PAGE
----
Originally Published: November 20, 2018 3:05 p.m.
The morning after firefighters were called to the scene of a two-structure fire in Prescott, staff members of the Heritage Park Zoo were left picking up the pieces and assessing the damage Tuesday.
Fire Marshal Don Devendorf said one structure was a total loss, and another similar structure next to it received “significant damage,” according to a statement provided by the Prescott Fire Department.
The damage is estimated upwards of $10,000 to the two buildings and their contents.
Pam McLaren, executive director of the Heritage Park Zoological Society, said the adjoining structures were 5-foot by 7-foot and 8-foot by 10-foot in size and are used as donkey and wallaby night houses.
At approximately 6:10 p.m. Monday, firefighters responded to a building on fire at the Heritage Park Zoo off Willow Creek Road on the north side of Prescott. Three engine companies, a truck company and Battalion Chief Dan Morgan were dispatched along with an ambulance and other support personnel.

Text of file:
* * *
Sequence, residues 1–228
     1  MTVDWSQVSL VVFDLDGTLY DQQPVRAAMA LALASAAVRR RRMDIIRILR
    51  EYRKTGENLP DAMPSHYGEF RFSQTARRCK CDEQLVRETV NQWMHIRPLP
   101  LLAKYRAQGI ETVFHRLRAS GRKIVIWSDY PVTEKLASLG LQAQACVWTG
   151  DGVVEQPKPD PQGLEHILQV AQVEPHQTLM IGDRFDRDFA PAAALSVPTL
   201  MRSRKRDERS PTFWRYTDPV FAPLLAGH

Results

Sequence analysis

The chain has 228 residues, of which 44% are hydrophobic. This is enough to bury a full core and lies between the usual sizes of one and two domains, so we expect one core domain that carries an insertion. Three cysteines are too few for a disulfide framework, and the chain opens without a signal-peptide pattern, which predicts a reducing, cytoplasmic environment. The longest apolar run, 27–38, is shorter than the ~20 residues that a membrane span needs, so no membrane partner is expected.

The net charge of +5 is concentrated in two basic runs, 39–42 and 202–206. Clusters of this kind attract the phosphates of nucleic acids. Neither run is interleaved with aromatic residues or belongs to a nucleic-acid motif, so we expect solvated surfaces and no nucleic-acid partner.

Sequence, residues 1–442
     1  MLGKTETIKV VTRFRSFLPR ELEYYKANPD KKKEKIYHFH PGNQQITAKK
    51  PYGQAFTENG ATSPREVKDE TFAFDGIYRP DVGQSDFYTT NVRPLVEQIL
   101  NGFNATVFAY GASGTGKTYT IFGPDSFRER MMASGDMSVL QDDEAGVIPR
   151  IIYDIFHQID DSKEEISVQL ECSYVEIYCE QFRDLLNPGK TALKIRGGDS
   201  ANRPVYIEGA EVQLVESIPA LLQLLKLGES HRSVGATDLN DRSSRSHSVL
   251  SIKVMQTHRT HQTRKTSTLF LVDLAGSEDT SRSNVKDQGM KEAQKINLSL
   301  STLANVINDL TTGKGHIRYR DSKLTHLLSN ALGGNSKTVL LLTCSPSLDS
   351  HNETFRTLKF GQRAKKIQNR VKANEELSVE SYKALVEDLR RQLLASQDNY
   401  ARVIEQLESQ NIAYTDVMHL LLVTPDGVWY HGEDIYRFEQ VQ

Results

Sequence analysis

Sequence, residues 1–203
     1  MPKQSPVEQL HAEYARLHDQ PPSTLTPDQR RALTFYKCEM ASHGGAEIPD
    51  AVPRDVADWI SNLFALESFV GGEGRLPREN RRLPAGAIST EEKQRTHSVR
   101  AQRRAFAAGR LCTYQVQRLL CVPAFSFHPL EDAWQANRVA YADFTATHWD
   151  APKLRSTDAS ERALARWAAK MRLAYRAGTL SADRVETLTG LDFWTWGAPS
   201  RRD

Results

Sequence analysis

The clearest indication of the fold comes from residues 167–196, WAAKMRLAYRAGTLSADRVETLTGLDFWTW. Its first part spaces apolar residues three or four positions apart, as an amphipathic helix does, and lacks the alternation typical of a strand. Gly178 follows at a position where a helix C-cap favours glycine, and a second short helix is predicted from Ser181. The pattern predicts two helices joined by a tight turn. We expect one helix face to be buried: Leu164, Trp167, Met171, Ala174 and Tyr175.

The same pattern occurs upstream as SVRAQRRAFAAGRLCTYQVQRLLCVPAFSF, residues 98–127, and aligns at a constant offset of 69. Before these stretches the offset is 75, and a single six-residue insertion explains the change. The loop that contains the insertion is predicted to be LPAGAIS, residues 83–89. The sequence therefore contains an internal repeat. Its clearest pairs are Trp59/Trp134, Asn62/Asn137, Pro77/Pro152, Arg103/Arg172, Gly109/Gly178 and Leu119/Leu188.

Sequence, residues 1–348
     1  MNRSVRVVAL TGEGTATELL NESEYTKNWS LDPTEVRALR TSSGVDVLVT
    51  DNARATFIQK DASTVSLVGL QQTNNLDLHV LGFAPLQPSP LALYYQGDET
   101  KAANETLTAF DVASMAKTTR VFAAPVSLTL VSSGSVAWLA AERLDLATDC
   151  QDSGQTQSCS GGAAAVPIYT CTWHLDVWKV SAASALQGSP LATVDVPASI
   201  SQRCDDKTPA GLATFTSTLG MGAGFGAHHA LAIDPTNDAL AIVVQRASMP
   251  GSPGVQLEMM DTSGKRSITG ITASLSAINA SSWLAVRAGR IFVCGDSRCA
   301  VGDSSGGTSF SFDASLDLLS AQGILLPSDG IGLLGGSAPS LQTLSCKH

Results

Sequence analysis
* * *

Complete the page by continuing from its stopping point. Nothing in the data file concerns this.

Units responding could see the flames upon their arrival, and zoo employees were manning the gate to assure animals could not escape the park.
There were also reports via phone calls and emails to The Daily Courier late Monday night of several volunteers who rushed to the zoo to help assist in evacuating animals.
There were no injuries to firefighters or civilians, but one wallaby died and one was severely injured.
“Unfortunately, one wallaby was not able to escape the fire and perished,” Devendorf said. “Another one was removed from the structure with significant injuries, and with the assistance of zoo personnel, was taken to one of our engines and administered oxygen using equipment known as ‘Fido Bags.’”
The injured wallaby was taken to Prescott Animal Hospital by a veterinarian and was doing much better Tuesday morning, McLaren said.
“The wallabies may be off display until the end of the month due to current planned events as well as time and staff constraints,” McLaren said.
The Courier reported the cause of the fire to be a heat lamp late Monday night, and Devendorf’s investigation confirmed the only source of ignition possible was the lamp used inside the structure to keep the animals warm.
“Zoo employees were urged to check all the other heating appliances in the zoo to assure that they were in good working order and not near any combustibles,” Devendorf said.
The zoo and its exhibits opened at the normal 10 a.m. time Tuesday morning.
Brian M. Bergner Jr. is news/sports editor for The Daily Courier of Prescott News Network. Follow him on Twitter, Facebook, Instagram and SoundCloud at @TheEditorDesk. Email firstname.lastname@example.org or call 928-445-3333, ext. 1106.